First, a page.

Leading Word, Sound, and Power on his very first tour to America, both Al Anderson - an energetic and musically sound guitarist - and blues guitar prodigy Donald Kinsey were featured. Peter guided them through his arrangements, encouraging both to display their distinct musical personalities without getting into each other's way.
He achieved this because his music provided a scope of possibilities that no other reggae band except Third World offered. But more so than Third World - whose rhythms tended to be middle of the road - Tosh's rhythms were firmly rooted in the earthy expressions associated with roots-reggae with a top-end that never arched to meaningless thrills.
Robbie Lyn ... member of Peter Tosh's Word, Sound and Power band.
It is increasingly noticeable that many contemporary artistes (among them Capleton, Bushman, Sizzla, Buju Banton and Luciano) have also found inspiration not merely in his music and persona. The appropriation of Tosh's stylistics has provided heft to other genres of music as well; his style foreshadowed the direct declamations heard in dancehall and American rap music, and has shaped the identity of many performers. The late South African singer Lucky Dube most overtly, embodied Tosh's aura and musical organisation.
As an innovator, Peter Tosh - like all true masters - understood tradition.
In 1976, Tosh recorded the album Equal Rights for Columbia Records. To my mind, it is one of the very best reggae recordings - or popular protest music for that matter - that to this day exemplifies the most excellent the music has to offer. For that reason, his brand of reggae had nothing to do with those artistes whose inability to make meaningful music was greater than they knew about the clichéd Jah Rastafari bandwagonist approach that pandered to gullible critics and hippy audiences.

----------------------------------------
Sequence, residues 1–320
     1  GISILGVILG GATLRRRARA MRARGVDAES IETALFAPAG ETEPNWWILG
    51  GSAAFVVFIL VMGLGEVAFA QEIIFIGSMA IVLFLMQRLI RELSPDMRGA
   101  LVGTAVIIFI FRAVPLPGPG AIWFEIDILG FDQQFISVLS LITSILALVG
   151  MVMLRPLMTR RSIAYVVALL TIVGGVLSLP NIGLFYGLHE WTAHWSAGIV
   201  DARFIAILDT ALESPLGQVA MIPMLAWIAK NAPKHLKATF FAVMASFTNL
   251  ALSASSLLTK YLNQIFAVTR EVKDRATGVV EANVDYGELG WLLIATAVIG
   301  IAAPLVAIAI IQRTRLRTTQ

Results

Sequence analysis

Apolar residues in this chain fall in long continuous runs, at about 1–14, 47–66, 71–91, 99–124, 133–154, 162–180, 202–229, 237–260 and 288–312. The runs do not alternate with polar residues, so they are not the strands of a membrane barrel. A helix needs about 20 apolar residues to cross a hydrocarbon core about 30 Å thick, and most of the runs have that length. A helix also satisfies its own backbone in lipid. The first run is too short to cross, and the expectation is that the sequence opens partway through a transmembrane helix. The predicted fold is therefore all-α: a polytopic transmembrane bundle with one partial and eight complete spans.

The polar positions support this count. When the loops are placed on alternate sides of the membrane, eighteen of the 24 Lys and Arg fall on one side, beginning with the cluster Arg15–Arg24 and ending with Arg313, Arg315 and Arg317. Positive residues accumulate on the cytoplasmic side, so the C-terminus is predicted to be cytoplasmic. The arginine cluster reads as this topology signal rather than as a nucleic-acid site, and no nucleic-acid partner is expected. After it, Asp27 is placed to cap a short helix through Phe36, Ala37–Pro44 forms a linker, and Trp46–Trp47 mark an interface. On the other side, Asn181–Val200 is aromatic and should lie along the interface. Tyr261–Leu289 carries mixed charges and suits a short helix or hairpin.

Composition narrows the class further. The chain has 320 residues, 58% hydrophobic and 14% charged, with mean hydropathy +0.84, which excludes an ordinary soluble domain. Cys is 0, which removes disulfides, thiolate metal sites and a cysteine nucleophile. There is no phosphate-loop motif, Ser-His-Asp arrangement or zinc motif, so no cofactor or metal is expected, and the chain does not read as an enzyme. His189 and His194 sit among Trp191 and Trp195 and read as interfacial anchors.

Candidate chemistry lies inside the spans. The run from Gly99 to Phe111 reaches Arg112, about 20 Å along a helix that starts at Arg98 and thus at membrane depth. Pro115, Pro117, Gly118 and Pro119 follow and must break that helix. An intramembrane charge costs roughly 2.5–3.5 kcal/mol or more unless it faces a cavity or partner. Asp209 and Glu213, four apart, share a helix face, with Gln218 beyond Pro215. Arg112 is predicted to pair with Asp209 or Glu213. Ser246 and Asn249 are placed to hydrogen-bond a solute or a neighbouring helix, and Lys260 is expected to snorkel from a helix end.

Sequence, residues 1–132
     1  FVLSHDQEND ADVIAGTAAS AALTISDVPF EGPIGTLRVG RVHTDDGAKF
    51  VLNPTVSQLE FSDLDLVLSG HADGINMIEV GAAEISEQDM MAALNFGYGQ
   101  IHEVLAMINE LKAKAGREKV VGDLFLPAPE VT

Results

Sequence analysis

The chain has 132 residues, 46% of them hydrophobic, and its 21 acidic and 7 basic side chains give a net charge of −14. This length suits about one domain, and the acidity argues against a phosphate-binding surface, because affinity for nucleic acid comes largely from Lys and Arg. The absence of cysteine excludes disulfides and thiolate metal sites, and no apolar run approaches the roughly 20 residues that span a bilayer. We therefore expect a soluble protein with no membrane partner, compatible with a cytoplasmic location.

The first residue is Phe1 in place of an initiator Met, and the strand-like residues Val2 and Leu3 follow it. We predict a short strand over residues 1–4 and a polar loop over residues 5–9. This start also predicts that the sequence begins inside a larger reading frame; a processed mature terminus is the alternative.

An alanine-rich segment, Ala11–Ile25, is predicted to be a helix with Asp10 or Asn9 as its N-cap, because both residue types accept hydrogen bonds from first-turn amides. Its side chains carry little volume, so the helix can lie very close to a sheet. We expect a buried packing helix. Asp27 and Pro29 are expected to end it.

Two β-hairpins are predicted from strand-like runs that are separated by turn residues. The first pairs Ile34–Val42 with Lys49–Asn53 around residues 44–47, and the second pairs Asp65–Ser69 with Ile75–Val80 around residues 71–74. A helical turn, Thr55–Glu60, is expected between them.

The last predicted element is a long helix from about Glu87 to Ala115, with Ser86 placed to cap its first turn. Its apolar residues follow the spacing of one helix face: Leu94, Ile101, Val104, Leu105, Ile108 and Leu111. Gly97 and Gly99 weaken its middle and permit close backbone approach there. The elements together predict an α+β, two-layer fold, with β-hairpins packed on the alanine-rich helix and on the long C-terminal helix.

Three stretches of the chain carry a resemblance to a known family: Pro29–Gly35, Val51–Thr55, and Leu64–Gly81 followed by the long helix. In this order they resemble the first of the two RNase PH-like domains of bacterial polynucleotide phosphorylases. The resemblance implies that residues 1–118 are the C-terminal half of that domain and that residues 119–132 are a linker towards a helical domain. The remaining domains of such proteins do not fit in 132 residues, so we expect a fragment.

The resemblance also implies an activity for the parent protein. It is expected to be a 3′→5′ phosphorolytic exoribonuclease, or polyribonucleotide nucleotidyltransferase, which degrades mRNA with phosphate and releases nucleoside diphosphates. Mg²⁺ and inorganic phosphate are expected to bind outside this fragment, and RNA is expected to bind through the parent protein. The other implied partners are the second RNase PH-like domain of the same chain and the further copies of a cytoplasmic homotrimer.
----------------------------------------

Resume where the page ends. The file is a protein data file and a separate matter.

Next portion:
Tosh seldom let an opportunity pass to highlight the individual talent of his players, resulting in collective tonalities that were as remarkable as those achieved by the supreme ska aggregation of the 1960s - the fabulous Skatalites. With Word, Sound and Power, these elements became form or essence of form. Through a sense of rhythmic fluidity, order, tempo, textural overlay, and generous solo space, Tosh encouraged an ensemble freedom that encouraged musicians like Robbie Lyn to express his keyboard prowess beyond chunking reggae vamps.
And for Mikey Chung, being a member of Tosh's band allowed him to further develop what he had learned about arranging from the celebrated music educator Melba Liston. There is much I could say about the musical development of seminal producers Sly (Dunbar) and Robbie (Shakespeare) and their individual talents as drummer and bassist, respectively. However, here the focus is on Tosh, so all I will say is that their tenure with his band prepared them on the path that has led to such a successful and rewarding career. All these musicians grew and matured into the excellent masters they are today because Peter Tosh was confident and democratic enough to allow freedom.
Peter Tosh's music (and deeds) also proved that he was absolutely fearless. All that he did, he knew his opinions were not popular with the political intelligentsia and the high-up elites. But he also knew his commitment was to be the salt of the Earth, those people like himself who were targets for those who wanted to hold on to and protect social and class interest.
What Tosh did with music was advocate on behalf of people with fearless passion. That Peter Tosh produced all these ideas during the formative moments of reggae confirm that as bandleader, arranger, and musician, he was one of the most democratic, innovative and gifted visionaries in music.
Herbie Miller is a cultural historian with specialized interest in slave culture, Caribbean identity and ethnomusicology. Copyright 2008. email@example.com.